By Richard Vedder
The recently departed commissioner of education statistics, Mark Schneider, says American colleges are "failure factories", pointing out the dropout rate (after six years, yet) is far higher than the much more criticized high school dropout rate. INSIDE HIGHER ED asked another former Ed Department official, the indefatigable Cliff Adelman, for his comments, and they were not particularly favorable, implying Schneider has some hostility towards higher education (Cliff himself, however, is no shrinking violet, and has been known to be highly critical as well). Cliff notes, for example, that because of the plethora of part-time and transfer students, the published grad rates are seriously deficient, a point with some validity.
Even Cliff acknowledges, however, that roughly one-third of students have not graduated within EIGHT years (time enough even for most part-timers to graduate). And it does not seriously question Mark Schneider's contention that there are literally hundreds of institutions with published graduation rates below one-third. Why do we keep funding these institutions? Why do we not punish failure? Many institutions take students they KNOW will fail, robbing them of their tuition monies and giving them false hopes, only to have them left degree-less and debt-ridden.
This gets to the major problem. There are almost no consequences for substandard performance or behavior in higher ed. Because of grade inflation, students who goof off in class usually get by and graduate. The intellectual content of many courses has become sadly diluted, and the course content highly suspect, with kids even getting credit for learning how to get around the university campus (through credits given for orientation classes). Schools that take kids who are highly unlikely to graduate get subsidies for taking those kids.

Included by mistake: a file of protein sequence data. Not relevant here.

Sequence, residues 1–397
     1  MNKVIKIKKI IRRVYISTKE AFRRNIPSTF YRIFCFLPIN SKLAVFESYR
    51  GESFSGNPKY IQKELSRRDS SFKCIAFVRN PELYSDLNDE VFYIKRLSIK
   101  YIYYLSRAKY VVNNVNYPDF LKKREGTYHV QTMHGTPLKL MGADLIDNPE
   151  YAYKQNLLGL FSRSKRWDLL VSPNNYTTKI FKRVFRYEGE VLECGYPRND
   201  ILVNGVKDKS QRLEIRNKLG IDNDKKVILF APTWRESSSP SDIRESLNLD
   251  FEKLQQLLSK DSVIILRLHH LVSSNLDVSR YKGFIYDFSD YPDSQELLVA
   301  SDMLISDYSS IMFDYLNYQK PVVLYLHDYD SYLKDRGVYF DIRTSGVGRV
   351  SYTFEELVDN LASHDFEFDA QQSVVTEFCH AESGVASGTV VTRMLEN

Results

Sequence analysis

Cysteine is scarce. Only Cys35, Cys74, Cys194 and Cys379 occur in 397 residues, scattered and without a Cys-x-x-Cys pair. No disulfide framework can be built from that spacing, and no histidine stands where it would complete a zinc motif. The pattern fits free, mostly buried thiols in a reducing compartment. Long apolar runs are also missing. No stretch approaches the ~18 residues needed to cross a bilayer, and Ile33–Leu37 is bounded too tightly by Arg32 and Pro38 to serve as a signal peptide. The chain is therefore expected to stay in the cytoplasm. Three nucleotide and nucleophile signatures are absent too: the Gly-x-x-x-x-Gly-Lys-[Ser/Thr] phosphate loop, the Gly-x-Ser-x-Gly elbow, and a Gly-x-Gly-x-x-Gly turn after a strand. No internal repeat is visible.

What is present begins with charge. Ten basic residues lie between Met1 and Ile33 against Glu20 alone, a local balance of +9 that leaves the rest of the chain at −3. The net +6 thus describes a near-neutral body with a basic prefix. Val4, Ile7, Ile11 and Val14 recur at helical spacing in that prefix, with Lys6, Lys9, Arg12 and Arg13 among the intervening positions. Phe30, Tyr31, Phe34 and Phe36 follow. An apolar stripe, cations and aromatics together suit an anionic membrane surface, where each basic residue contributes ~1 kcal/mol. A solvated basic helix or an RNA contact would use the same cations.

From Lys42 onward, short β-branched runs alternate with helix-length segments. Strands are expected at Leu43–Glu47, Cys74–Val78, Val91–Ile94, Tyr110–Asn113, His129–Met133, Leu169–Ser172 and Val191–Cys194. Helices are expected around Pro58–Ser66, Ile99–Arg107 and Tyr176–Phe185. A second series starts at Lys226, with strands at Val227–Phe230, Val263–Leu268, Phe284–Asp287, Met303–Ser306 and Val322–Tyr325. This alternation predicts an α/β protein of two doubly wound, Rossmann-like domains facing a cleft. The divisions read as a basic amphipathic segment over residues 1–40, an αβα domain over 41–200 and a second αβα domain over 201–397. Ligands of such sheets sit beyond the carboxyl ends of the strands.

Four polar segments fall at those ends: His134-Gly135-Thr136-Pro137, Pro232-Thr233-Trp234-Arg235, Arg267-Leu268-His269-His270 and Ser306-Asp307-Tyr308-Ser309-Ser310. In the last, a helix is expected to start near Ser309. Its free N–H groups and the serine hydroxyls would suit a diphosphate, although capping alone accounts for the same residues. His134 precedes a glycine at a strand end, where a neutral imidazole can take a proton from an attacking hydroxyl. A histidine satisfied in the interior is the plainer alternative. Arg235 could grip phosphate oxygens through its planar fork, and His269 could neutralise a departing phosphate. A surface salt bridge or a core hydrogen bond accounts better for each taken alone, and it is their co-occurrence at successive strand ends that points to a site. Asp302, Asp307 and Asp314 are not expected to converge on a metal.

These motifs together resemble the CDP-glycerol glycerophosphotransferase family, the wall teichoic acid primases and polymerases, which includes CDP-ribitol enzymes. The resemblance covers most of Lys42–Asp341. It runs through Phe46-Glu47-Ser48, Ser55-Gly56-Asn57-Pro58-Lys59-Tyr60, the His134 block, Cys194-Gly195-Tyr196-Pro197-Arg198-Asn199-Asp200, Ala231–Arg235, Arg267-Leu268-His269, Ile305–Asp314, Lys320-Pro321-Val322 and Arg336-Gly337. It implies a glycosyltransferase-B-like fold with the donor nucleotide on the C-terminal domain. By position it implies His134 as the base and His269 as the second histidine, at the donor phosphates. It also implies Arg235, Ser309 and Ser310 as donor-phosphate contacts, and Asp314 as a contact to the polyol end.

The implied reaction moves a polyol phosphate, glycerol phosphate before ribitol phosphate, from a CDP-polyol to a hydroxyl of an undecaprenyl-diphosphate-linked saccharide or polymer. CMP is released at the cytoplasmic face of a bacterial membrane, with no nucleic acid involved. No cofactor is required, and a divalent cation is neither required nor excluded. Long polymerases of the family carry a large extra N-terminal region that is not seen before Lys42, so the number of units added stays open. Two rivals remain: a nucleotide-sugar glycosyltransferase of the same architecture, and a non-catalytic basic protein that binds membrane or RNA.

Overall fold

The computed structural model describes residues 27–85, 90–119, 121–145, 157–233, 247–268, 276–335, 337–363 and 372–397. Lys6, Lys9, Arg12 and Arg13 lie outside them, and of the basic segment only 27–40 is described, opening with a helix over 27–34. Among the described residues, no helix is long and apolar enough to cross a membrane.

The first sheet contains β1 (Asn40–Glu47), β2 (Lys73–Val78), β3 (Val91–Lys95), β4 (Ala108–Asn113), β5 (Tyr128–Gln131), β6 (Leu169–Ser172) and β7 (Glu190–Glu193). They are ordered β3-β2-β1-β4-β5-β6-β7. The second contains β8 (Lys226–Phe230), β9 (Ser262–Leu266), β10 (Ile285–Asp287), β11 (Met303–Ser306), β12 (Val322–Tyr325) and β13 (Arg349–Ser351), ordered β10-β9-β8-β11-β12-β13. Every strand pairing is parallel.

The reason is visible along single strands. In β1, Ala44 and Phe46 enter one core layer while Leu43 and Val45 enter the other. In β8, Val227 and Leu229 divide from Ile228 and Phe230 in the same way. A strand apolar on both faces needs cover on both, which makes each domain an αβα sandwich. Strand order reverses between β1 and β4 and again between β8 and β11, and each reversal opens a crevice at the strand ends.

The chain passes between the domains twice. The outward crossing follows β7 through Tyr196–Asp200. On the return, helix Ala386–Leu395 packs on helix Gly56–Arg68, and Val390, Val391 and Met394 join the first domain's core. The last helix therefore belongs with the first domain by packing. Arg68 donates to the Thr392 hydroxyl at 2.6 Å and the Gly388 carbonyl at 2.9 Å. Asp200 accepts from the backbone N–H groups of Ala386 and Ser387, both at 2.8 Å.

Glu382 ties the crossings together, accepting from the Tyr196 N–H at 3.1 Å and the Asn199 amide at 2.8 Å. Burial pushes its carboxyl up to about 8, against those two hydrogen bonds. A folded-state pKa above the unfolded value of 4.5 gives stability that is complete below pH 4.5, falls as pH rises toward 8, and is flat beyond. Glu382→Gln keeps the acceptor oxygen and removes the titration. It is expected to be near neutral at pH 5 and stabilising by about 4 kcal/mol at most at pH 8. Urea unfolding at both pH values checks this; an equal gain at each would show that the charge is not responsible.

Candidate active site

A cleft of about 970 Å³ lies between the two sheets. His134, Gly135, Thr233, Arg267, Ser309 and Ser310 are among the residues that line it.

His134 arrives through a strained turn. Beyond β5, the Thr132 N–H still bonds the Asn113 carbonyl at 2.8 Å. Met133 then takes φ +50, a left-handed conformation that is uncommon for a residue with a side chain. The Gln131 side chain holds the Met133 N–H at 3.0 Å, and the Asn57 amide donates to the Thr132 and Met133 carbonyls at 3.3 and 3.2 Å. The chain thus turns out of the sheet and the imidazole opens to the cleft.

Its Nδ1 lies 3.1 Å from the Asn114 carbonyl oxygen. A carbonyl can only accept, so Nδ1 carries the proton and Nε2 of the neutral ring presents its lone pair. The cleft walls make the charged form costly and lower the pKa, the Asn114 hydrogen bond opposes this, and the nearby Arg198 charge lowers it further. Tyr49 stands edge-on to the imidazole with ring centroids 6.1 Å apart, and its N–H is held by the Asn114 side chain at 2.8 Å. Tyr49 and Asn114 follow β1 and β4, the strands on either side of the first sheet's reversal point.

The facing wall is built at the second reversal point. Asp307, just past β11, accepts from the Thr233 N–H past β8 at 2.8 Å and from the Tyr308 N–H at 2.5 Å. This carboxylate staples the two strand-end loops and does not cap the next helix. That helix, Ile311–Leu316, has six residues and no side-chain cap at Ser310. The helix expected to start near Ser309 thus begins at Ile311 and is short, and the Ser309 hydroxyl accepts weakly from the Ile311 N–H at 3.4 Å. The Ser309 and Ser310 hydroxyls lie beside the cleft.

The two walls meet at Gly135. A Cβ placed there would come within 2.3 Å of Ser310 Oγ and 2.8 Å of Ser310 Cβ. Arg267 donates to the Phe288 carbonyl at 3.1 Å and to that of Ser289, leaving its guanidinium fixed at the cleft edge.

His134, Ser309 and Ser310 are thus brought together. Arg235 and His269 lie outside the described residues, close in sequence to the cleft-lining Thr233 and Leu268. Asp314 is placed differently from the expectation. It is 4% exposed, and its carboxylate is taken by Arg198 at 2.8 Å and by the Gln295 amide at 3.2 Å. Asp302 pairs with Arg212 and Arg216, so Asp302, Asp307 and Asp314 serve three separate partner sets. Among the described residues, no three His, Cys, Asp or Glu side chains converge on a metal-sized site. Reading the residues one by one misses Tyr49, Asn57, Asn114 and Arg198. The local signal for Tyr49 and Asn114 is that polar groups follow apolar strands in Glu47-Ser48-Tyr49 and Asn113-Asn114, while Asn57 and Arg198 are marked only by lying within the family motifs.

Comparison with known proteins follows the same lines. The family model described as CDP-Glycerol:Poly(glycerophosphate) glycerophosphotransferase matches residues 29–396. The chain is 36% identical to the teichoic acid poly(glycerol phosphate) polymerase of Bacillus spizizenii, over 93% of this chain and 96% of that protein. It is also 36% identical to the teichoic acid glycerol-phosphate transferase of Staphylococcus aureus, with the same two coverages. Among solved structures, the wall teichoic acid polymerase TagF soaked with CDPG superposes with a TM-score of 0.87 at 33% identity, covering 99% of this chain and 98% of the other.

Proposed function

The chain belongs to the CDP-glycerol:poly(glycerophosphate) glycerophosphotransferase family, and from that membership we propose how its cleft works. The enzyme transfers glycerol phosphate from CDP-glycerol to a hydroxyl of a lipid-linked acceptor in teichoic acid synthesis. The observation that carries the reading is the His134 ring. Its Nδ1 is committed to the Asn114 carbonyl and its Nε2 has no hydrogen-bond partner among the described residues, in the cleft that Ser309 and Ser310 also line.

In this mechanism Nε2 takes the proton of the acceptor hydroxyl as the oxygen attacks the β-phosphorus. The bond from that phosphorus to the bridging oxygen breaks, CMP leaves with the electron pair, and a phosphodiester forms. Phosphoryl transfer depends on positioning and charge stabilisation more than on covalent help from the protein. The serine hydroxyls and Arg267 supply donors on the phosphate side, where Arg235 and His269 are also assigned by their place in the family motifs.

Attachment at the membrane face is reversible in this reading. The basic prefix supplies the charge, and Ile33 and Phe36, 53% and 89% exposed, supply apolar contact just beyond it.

Above all, there is no bottom line. In the 2007 FORTUNE 500 list, AIG was the company with the 11th highest market value; today it is history. Citigroup was 8th in 2007, and not in the top 20 in 2008. Capitalism punishes those who make mistakes, and punishes them brutally. And rewards are great too. Between 2007 and 2008 Berkshire Hathaway added over $40 billion in stockholder value as it rose from 14th to 7th on the Fortune 500 companies by market value.
Yet rankings of college show modest change over time. The top 10 schools in 1940 are, roughly speaking, the top 10 schools today. With no discernible way of measuring quality, we assume schools remain constant, no matter how ineptly they are managed, no matter how neglectful the school becomes of undergraduates, no matter how much the curriculum is diluted.
Mark Schneider may not have raised colleges' self-esteem, but he should be commended for telling it like it is.